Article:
Television host, producer and broadcast pioneer Dick Clark has died at the age of 82.
Clark was one of a handful of Philadelphia-born broadcasters and performers who made it to the national stage–Ed MacMahon, of course, was another–and he pretty much stayed there, front and center, until felled by a stroke in 2004.
Those who knew Clark have been unanimous in their praise of him as a human being, almost granting him saintly status. Entertainer Tony Orlando claims that what you saw in Clark’s onstage persona was exactly the way Clark was in real life. Interesting observation. Perhaps Orlando tied too many ribbons around too many old oak trees.
Philadelphia radio host Bob Horn was the creator and first host of Dick Clark’s later claim to fame, television’s “American Bandstand.” Horn, who hosted from 1952 to 1956, was ousted due to a drunk driving and statutory rape charge. Though acquitted from the latter, Horn’s career was over. Clark replaced him as the host of “American Bandstand” in July of 1956. It spent a year as a local program emanating from Philadelphia until it was picked up for national broadcast by ABC in 1957. The program lasted–probably too long–in various guises until 1989.
Clark was in the right place at the right time. Certain powers that be in this country were quite, quite concerned about the newfound popularity of rockers like Elvis, Jerry Lee, Chuck Berry and the like, because, as you know, they were all no-account hop-heads who inspired juvenile delinquency. The world needed more personalities like Pat Boone, for Elvis to have his balls cut off by being railroaded into the army, and for a fresh-faced “rock host” who might somehow but a “safe face” on all this lurid music.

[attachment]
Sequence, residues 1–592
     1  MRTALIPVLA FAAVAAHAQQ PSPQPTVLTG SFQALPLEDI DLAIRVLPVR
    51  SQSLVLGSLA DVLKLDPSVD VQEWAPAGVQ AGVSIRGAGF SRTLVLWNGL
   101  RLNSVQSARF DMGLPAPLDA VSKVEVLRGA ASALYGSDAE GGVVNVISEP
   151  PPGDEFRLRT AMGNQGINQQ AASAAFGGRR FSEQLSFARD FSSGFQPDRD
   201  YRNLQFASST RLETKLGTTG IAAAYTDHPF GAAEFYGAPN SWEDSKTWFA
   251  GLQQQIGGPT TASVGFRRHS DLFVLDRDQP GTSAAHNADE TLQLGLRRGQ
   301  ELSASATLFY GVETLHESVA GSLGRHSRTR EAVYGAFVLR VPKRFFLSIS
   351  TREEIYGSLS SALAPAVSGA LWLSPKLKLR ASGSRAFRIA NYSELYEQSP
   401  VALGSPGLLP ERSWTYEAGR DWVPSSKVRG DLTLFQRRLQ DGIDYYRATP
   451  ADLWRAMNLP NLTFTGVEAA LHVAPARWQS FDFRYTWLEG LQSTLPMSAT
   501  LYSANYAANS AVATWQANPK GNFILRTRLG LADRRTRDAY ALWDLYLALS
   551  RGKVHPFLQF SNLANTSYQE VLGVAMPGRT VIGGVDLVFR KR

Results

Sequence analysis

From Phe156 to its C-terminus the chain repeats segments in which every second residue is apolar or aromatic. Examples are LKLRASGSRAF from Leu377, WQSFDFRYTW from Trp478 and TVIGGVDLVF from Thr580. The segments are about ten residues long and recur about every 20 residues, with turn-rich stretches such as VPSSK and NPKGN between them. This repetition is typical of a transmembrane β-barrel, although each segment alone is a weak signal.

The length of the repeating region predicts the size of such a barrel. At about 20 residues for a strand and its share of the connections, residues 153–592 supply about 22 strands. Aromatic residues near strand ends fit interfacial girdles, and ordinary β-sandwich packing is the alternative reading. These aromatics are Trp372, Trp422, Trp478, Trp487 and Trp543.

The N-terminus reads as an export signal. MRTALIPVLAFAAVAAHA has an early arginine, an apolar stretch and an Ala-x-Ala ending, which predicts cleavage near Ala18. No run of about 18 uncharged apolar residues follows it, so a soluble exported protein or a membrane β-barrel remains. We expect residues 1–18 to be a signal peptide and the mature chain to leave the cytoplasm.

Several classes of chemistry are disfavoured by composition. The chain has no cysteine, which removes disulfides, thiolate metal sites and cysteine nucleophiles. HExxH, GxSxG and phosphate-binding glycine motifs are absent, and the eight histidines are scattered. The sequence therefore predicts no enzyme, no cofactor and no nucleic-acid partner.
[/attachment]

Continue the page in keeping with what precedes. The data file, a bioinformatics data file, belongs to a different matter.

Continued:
Clark was the guy, and no doubt he was sincere in his passions. Indeed, so honest-looking and fresh-faced was he, that he escaped the entire payola scandal–paying radio guys for airplay–of the late 1950s. Pioneer rock jock Alan Freed had his career ruined by the scandal. Clark simply said he had no knowledge of any artist he had an interest in being involved in such a terrible affair.
Dick Clark’s real contribution to television was as a producer. He was there at the beginning with reality shows, beauty pageants, blooper programs, dozens of game shows, and the legendary New Year’s eve broadcast. None of this was art, nor did it pretend to be. Clarks’s talent was in making money. Lots of it.
Some years back, I had an idea for a reality television show called “The World’s Greatest Drummer.” The weekly series would pit drummers–of all ages–against one another in competition, playing before celeb/drummer judges like Max Weinberg, Charlie Watts, Ringo, etc. Several production companies were interested, but before seriously proceeding, I wanted to take the concept to “the expert.”
While hosting “Bandstand,” Clark had a number of dancers who appeared week after week and ended up with their own followings and fan clubs. One of these vastly popular “regulars” was a West Philly guy named Tommy DeNoble, who eventually had a decent singing career and appeared in films like “Ship of Fools.”
I drummed for Tom way back when, and thought that might help me gain entrance into the offices of “the world’s oldest teenager.” I sent a note to his office, and lo and behold, Dick Clark himself called me on the telephone.
He was more than nice, stressed that he did not use email and responded to letters, etc., via a personal telephone call, inquired about our mutual friend DeNoble, and then addressed the issue of “The World’s Greatest Drummer.” Though he liked the idea, he maintained that because the program was limited to just drums, that the entire concept was just too marginalized to ever reach a wide, general audience. “What would you do as a follow-up?” he asked. “The ‘World’s Greatest Violin Player’?”
He was right and I knew it, and I’ll never forget that he took the time to respond in the manner he did.
Yes, Clark was in the right place at the right time, and that’s great for a start. But he had the vision, strength and determination to succeed, and to succeed for decades in a medium that often spits people out after mere moments.
More importantly, I think Dick Clark really and truly liked television. It showed.